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- Conflict: World War II
- Records: 85,961
New Zealand, WWII Appointments, Promotions, Transfers and Resignations
Pictures & Records
- Publication Title:
- New Zealand, WWII Appointments, Promotions, Transfers and Resignations
- Content Source:
- New Zealand Gazette
- Published on Fold3:
- February 17, 2016
- Last Update:
- September 23, 2016
- Documents include the serviceman's name, rank (and new rank if applicable), date of appointment, promotion, transfer or resignation, and regiment.
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Add your story…
As part of the British Commonwealth, New Zealand entered World War II alongside the United Kingdom, and about 140,000 New Zealand men and women would serve over the course of the war. This Fold3 collection contains information about appointments, promotions, transfers, and resignations of personnel in the New Zealand Expeditionary Forces (including army, air force, and navy) during WWII. The information was extracted from the New Zealand government newspaper, the New Zealand Gazette.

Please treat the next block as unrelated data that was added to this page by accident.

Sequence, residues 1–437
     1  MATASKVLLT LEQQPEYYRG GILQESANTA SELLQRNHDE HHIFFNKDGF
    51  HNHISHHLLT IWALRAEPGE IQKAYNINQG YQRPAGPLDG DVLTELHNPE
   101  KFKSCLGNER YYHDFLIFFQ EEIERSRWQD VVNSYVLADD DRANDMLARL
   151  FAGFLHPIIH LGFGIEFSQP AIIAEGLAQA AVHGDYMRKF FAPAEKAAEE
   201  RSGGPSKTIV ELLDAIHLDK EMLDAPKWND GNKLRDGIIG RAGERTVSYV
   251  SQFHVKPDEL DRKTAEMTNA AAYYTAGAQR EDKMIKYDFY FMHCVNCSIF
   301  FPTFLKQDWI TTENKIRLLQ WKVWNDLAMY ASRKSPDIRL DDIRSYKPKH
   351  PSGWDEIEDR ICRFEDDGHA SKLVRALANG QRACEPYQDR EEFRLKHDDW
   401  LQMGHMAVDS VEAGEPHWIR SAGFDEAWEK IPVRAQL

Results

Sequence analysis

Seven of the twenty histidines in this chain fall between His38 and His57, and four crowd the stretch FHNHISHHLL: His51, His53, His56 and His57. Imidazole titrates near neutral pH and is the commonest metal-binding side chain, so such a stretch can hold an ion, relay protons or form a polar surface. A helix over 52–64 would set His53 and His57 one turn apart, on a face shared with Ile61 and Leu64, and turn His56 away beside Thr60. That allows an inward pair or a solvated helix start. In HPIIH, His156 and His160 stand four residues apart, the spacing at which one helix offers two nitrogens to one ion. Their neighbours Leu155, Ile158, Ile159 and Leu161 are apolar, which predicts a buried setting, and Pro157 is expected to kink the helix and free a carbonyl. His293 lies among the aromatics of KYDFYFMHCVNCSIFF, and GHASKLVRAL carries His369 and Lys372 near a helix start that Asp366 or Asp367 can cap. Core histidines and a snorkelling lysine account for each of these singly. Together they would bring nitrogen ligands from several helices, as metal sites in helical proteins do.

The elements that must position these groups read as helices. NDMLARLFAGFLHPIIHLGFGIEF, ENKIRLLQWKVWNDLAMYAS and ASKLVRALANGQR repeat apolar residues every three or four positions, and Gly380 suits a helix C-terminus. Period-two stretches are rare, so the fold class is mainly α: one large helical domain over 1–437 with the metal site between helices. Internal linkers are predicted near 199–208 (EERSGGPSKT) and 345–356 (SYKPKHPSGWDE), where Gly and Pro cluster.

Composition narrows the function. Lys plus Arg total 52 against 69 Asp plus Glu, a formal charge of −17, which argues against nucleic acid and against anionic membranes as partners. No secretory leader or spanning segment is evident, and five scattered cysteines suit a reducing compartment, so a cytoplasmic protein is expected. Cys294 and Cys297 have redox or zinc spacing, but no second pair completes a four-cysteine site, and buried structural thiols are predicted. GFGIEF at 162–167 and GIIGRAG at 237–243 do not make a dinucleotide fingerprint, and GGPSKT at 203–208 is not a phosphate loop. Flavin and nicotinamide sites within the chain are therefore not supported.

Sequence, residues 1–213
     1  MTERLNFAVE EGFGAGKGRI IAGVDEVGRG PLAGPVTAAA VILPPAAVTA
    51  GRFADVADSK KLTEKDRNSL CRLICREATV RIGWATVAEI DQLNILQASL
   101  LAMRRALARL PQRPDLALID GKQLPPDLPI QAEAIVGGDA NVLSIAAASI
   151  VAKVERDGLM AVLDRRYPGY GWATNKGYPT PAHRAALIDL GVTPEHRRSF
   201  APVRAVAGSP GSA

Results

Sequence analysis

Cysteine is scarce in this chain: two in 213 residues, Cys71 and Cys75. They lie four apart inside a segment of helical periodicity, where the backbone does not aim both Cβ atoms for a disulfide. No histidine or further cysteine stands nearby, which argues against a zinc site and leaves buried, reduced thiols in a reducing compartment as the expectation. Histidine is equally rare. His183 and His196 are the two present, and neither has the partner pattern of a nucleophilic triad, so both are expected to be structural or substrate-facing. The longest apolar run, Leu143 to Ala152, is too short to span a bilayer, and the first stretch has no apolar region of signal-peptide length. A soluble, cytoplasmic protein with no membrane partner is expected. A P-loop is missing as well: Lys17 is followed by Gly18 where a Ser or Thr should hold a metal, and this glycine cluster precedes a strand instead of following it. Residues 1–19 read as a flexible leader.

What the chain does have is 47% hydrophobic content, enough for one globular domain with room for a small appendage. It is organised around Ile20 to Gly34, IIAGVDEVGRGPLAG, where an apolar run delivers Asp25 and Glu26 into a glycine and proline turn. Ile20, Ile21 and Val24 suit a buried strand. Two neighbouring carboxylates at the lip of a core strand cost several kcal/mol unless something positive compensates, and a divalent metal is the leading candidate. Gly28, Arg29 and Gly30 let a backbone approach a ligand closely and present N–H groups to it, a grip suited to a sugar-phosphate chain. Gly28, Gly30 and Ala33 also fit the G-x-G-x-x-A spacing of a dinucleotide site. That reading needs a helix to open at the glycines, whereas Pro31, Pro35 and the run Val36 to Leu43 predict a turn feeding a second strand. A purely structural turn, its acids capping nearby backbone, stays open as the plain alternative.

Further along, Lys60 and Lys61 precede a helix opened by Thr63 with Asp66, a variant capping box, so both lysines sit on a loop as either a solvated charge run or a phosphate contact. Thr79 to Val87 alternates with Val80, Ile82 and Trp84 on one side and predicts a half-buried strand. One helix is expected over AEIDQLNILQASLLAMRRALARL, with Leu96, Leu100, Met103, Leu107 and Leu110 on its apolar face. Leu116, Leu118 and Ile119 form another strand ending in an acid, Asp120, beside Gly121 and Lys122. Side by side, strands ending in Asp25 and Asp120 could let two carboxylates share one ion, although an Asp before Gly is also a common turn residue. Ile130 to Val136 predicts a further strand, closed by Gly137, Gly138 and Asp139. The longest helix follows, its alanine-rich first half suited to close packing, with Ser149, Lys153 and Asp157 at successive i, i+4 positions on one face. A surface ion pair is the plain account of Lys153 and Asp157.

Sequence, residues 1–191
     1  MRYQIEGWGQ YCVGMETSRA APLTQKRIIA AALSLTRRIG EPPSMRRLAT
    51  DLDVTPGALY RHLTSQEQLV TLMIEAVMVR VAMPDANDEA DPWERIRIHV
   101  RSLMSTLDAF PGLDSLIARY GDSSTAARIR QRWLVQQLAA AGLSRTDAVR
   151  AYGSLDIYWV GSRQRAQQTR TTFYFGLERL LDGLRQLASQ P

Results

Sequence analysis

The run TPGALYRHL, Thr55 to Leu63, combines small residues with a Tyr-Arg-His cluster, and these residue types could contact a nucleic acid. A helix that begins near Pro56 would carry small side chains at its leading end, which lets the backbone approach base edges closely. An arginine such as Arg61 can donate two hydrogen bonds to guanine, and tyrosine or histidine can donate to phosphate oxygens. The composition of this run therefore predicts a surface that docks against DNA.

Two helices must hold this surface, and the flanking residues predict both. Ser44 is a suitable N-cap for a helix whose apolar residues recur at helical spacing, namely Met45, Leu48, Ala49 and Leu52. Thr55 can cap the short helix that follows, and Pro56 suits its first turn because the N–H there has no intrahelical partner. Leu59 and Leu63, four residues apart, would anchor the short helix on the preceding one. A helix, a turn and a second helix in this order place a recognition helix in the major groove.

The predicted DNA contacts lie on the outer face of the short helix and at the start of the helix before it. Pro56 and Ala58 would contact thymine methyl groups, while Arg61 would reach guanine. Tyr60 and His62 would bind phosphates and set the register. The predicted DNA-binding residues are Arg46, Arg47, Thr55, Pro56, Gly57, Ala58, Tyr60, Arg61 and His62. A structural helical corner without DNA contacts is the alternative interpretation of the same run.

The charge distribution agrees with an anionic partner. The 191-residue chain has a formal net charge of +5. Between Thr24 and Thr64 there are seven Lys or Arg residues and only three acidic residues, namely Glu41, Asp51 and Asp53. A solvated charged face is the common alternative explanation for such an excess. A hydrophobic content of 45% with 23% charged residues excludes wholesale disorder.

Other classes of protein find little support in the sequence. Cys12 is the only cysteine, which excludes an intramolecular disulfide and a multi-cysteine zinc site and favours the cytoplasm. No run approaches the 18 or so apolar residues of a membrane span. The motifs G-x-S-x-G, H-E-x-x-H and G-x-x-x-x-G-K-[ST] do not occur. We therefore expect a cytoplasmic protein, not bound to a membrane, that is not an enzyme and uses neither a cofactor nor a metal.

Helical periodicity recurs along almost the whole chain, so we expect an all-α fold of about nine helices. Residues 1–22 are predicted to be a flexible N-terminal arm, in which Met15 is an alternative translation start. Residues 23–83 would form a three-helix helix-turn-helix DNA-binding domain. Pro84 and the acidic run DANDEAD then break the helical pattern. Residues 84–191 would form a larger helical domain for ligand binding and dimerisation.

Information you can find in this collection about an individual may include the following:
- Date of appointment, promotion, transfer, or resignation
If you don’t have New Zealand family members who served during World War II, you can instead learn more about the careers of notable WWII New Zealand servicemen and women, such as:
- James Stellin, a pilot who avoided crashing into a French village at the expense of his own life.
- Te Moananui-a-Kiwa Ngarimu, the first Maori to be awarded the Victoria Cross (posthumously).
- Porokoru Patapu Pohe, a Maori and one of the Allied prisoners who took part in what became known as “The Great Escape” in March 1944; he was later caught and executed.
- Bernard Freyberg, commander of the 2nd New Zealand Expeditionary Force and the 2nd New Zealand Division, who later served as the 7th Governor-General of New Zealand.
- Frances Ida “Kitty” Kain, one of New Zealand's most senior female military leaders during the war.
- Howard Kippenberger, popular commander of the 2nd New Zealand Division (following Bernard Freyberg), who lost the lower portion of both legs at the Battle of Monte Cassino in March 1944.